Personal Sedan Sales in Jeopardy as U.S. Auto Market Transitions to “Islands” of Autonomous Mobility
Article Synopsis :
This press release and related video from KPMG predicts that self-driving cars and mobility services will combine to reduce the consumer desire to own cars, particularly sedans. In fact, KPMG projects that sales of personally-owned sedans in the U.S. will drop precipitously – from 5.4 million units sold today to just 2.1 million units by 2030.
In addition, according to KPMG, the transportation market will evolve from a national or regional one to 150-plus “islands of autonomy” – metropolitan areas that each have their own distinct mix of consumer travel needs delivered by autonomous mobility services.
The adoption of this new transportation mode will not be immediate, and it will not be everywhere. Instead, it will arrive metro market by metro market. Each island of autonomy will require a unique mix of vehicles to meet unique demands, which will greatly impact the breakdown of the car park, especially sedans. There are 169 Combined Statistical Areas (CSAs) of 300,000 persons or more in the United States. Each of these CSAs fit the demographics of an island of autonomy.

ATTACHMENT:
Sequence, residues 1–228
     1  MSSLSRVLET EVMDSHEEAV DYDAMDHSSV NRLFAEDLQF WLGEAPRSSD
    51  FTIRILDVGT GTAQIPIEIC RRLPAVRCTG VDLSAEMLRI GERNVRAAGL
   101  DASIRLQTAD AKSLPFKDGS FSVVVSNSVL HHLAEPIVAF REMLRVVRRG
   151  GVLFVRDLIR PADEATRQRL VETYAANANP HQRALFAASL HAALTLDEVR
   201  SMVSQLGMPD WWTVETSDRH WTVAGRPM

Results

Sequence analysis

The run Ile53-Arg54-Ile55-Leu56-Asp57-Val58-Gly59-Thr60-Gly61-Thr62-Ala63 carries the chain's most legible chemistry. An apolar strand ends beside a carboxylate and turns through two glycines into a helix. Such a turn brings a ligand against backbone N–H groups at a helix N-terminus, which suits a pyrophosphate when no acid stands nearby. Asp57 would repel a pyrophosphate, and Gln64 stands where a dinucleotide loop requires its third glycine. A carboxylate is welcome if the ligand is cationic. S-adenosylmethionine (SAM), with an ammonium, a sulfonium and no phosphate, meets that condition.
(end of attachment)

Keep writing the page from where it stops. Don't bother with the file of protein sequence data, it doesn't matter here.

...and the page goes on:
The bad news for automotive OEMs is obvious. The good news for forward-thinking OEMs is a potential trillion dollar market around mobility.
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Digital Insurer's CommentsThis well-researched report from KPMG’s Auto sector has obvious implications for US-based auto insurers. You know, 2030 isn’t that far off. And KPMG isn’t the only one making such ‘radical’ predictions.
In an interview last week, long time auto executive and ‘car guy’ Bob Lutz said the era of the personal automobile will be over within 20 years, with self-driving fleets taking over and personal cars going the way of the personal horse, i.e., hobby objects for the well-heeled. Both KPMG and Mr. Lutz ultimately see what we see—urban auto (insurance) markets that look nothing like rural auto (insurance) markets.
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